• As the historian Steven Neill notes, “Nothing is more notable than the anonymity of these early missionaries.…Luke does not turn aside to mention the name of a single one of those pioneers who laid the foundation. Few, if any, of the great Churches were really founded by apostles. Peter and Paul may have organized the Church in Rome. They certainly did not found it.”

The next wave of missions will be carried forward, I believe, in much the same way—on the wings of business. Consider this: If you overlay a map of world poverty with a map of world evangelization, you will find that the areas most in need of business development are also the most unevangelized. Many of the most unreached places in the world, most closed to Christian missionaries, have arms wide open to any kind of businessmen.

Missiologists frequently refer to a “10/40 window” in which the most unreached peoples live (lying between the 10 and 40 degree latitude lines). For business leaders, the 10/40 window isn’t a window at all; it’s a wide open door.

God may not call you to leave the United States (though he might!). But if you’re a believer, he is calling you to follow him where he goes, as he seeks to make his name known. Whether you’re an investment banker or a full-time pastor, a stay-at-home mom or an overseas missionary, God has a mission for you. From Raleigh-Durham to Bahrain, the responsibility to think that way belongs to every believer. As we often say, “Whatever you are good at, do it well for the glory of God, and do it somewhere strategic for the mission of God.”

It’s time for the “ordinary believers” in our churches to recover the understanding that they are called to the mission and shaped by God for a specific role in that mission. The question is no longer if we are called to leverage our lives for the Great Commission; it’s only a matter of where and how.

J.D. Greear, Ph.D., is pastor of The Summit Church in Raleigh-Durham, N.C., and author of “Gaining by Losing: Why the Future Belongs to Churches that Send.”

A time for change

ib2newseditor —  December 12, 2016

These final weeks of the year seem to always bring a mixture of emotions, as we gather sentimentally with family and friends for the holidays, and start reflecting on the ups and downs of the past year. Those year-end emotions seem supercharged this year, as the recent election has brought us a dramatic change in Presidential leadership, and with it potential changes in public policy that affect our daily lives.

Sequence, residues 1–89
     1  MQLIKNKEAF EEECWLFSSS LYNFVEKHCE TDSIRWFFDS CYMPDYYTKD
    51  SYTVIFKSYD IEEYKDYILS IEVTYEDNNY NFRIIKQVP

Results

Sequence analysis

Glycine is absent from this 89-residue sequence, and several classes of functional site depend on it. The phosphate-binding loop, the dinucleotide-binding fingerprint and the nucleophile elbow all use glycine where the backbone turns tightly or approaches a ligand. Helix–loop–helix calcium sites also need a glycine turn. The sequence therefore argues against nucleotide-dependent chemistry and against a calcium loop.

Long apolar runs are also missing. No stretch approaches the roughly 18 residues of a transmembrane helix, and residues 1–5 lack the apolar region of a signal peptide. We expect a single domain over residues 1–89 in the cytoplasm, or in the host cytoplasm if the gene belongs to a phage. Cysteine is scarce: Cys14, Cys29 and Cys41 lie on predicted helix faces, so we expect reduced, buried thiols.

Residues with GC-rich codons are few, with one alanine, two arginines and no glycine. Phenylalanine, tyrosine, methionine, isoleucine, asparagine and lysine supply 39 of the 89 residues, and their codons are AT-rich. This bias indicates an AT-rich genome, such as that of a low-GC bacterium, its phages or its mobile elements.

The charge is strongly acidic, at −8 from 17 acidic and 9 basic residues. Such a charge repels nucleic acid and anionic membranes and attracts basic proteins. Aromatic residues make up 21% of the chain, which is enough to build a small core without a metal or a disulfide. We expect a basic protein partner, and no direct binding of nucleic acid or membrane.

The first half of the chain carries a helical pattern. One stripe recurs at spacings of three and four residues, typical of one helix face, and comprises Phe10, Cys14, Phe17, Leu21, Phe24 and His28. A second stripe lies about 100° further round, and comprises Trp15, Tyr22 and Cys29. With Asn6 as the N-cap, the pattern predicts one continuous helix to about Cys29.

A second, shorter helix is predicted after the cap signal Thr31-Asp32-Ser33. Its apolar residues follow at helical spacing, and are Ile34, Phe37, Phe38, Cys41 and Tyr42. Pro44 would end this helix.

I won’t go further than that into the politics of our times. Instead, in these days leading up to Christmas, I want to simply observe that this same sense of looming, unknown change that many of us are feeling may have been exactly how many of the faithful felt leading up to that very first Christmas.

I come to the end of this year with a sense that I need Messiah’s presence in a fresh new way.

Those to whom it was revealed that Messiah was near—Mary and Joseph, Elizabeth and Zechariah, the wise men, eventually the shepherds—all had revelations from God that were fearful, and yet inviting. They were all awestruck with the news that this thing beyond their comprehension or control was about to happen.

And yet these folks all walked forward into the wonder of the incarnation, the wonder of Jesus, the wonder of unpredictable and unprecedented change, with faith-filled obedience and anticipation. They knew things were a mess. They knew that the status quo—Rome and religion and their own sin-sick culture—was not ushering in the Kingdom of God. They knew any discomfort of change under Messiah’s leadership was to be preferred over the best that frail humans had to offer. And so, they walked into the unknown, trusting God.